7. Awe, I LOVE that little boy in the suit sitting on the ground!!!! I just want to hold him!! Thanks for sharing your experience John… what a world we live in…. extreme comfort, extreme poverty…. We definitely have our work cut out for as Christians… to love, and to give, and to think of others better than ourselves. There must be so many orphans in Africa because of HIV… I hope the adoption movement really takes off the in this generation!! For their sake….Greatest quote I ever heard about poverty:Nate Bacon- "poverty is an issue of love, disguised as an issue of resources."

  8. I know im a little late finding this post, but im so glad youve been to Africa. Ive been 2 times, going back a 3rd in a month, and its the most amazing experience you could ever have. The way you described Uganda is exactly the way I would describe Tanzania and Kenya. THe people are soooo beautiful, and loving, and hospitable. And sadly, it seems that much of the world, including their own governments, dont seem to care that they are in a state of disarray, and they seem to always stay that way. I just hope we dont try to blame other people for not helping them, while we sit on our butts and dont do a thing. Speaking from experience, if you have a desire to go to africa and serve, or help, you can. THere a billions of organizations that will take you on. All you have to have is a desire to help.Thanks John Mark for reminding me why im going back.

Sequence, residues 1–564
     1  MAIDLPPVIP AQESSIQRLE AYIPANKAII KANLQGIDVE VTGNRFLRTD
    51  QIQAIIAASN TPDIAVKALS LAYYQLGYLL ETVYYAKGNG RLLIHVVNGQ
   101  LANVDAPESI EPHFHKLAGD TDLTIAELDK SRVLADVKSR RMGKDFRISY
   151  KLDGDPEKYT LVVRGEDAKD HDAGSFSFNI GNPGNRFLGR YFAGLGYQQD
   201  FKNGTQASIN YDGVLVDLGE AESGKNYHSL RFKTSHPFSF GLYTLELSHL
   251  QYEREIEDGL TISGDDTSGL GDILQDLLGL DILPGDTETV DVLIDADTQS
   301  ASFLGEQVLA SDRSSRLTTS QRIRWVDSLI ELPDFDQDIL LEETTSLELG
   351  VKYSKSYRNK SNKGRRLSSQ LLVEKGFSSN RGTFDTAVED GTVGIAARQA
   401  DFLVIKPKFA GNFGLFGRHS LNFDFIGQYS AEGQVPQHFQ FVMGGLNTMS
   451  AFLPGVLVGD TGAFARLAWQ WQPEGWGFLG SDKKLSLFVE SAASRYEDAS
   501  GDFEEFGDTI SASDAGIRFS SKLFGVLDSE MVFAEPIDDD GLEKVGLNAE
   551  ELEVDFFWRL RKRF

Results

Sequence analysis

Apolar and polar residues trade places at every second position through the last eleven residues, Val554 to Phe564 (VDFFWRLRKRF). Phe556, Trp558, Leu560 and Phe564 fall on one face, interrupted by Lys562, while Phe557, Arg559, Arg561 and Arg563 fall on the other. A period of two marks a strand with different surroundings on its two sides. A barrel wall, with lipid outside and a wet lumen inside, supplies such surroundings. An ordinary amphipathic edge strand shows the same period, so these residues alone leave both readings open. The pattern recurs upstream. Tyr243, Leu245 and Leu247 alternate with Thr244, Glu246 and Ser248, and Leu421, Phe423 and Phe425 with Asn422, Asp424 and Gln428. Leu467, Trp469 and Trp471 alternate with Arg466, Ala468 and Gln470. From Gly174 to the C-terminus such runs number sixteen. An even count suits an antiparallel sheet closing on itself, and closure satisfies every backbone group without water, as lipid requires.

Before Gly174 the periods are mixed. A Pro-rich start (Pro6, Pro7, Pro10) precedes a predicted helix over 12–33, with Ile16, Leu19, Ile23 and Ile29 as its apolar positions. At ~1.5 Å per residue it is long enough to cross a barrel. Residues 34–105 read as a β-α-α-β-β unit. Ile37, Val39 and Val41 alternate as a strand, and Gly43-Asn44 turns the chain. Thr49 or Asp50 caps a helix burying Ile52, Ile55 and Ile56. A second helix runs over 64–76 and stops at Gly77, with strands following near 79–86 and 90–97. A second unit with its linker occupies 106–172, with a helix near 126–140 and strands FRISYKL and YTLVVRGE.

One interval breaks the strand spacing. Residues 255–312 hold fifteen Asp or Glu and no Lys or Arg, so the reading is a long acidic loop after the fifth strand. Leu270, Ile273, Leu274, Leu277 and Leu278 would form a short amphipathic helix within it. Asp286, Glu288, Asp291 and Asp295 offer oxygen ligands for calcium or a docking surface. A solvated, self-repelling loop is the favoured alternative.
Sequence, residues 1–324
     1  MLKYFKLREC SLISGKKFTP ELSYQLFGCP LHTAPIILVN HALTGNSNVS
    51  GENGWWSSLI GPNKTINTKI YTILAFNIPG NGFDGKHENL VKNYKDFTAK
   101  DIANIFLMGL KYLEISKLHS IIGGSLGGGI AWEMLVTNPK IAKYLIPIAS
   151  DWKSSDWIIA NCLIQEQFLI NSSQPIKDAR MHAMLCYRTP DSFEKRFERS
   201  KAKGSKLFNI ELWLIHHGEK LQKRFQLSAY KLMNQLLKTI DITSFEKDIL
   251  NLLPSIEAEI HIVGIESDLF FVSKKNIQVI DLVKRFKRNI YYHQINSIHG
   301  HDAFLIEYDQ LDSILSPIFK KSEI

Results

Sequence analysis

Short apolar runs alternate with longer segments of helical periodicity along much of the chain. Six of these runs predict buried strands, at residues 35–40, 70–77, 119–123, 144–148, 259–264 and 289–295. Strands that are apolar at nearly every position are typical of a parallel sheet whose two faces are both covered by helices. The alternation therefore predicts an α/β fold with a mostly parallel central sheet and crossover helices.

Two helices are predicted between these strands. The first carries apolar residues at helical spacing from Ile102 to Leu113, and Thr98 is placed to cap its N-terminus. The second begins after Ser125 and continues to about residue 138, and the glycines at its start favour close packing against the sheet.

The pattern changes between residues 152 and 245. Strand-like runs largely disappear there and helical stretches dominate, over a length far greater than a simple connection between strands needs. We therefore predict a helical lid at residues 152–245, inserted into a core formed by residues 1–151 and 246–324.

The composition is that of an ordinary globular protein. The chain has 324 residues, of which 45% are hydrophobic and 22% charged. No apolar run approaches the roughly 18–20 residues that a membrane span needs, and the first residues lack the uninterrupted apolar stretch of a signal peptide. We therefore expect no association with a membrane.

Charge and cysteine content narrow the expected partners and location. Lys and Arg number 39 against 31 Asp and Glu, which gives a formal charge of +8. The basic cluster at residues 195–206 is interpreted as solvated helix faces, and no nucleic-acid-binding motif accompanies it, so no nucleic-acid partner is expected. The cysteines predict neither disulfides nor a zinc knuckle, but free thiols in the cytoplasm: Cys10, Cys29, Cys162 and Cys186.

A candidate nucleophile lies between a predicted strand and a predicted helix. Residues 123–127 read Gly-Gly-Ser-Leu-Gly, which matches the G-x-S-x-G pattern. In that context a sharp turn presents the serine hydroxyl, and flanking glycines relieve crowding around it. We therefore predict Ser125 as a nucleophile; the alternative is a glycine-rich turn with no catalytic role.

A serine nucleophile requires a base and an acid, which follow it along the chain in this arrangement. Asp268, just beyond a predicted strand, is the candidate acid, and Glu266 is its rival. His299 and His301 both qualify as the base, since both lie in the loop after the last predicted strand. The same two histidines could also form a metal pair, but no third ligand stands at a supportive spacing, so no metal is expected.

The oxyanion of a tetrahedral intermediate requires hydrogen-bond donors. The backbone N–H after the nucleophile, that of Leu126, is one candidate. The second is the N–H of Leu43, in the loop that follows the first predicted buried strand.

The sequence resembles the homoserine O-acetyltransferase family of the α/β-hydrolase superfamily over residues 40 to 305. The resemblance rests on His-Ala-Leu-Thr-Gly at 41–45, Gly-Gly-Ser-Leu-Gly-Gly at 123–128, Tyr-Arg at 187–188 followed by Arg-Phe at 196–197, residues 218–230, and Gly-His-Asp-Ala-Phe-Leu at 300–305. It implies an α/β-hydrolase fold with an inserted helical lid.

9. I know im a little late finding this post, but im so glad youve been to Africa. Ive been 2 times, going back a 3rd in a month, and its the most amazing experience you could ever have. The way you described Uganda is exactly the way I would describe Tanzania and Kenya. THe people are soooo beautiful, and loving, and hospitable. And sadly, it seems that much of the world, including their own governments, dont seem to care that they are in a state of disarray, and they seem to always stay that way. I just hope we dont try to blame other people for not helping them, while we sit on our butts and dont do a thing. Speaking from experience, if you have a desire to go to africa and serve, or help, you can. THere a billions of organizations that will take you on. All you have to have is a desire to help.Thanks John Mark for reminding me why im going back.